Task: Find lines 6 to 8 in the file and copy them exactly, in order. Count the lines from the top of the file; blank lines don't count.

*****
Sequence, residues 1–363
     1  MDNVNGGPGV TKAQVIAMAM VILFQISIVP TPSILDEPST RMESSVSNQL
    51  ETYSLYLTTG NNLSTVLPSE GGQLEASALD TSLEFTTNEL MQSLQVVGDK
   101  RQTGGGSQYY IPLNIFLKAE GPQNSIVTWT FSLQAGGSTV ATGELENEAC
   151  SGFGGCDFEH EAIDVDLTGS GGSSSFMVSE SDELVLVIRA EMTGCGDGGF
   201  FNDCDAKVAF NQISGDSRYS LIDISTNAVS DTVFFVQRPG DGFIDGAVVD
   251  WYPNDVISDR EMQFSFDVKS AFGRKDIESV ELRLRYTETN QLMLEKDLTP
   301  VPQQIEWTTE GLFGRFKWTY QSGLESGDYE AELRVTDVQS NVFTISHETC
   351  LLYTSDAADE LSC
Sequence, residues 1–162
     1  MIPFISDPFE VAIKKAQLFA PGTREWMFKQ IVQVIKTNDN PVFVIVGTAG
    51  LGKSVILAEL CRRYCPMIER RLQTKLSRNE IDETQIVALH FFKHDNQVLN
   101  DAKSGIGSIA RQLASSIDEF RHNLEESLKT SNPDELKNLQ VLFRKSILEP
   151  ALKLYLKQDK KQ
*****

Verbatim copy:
   201  FNDCDAKVAF NQISGDSRYS LIDISTNAVS DTVFFVQRPG DGFIDGAVVD
   251  WYPNDVISDR EMQFSFDVKS AFGRKDIESV ELRLRYTETN QLMLEKDLTP
   301  VPQQIEWTTE GLFGRFKWTY QSGLESGDYE AELRVTDVQS NVFTISHETC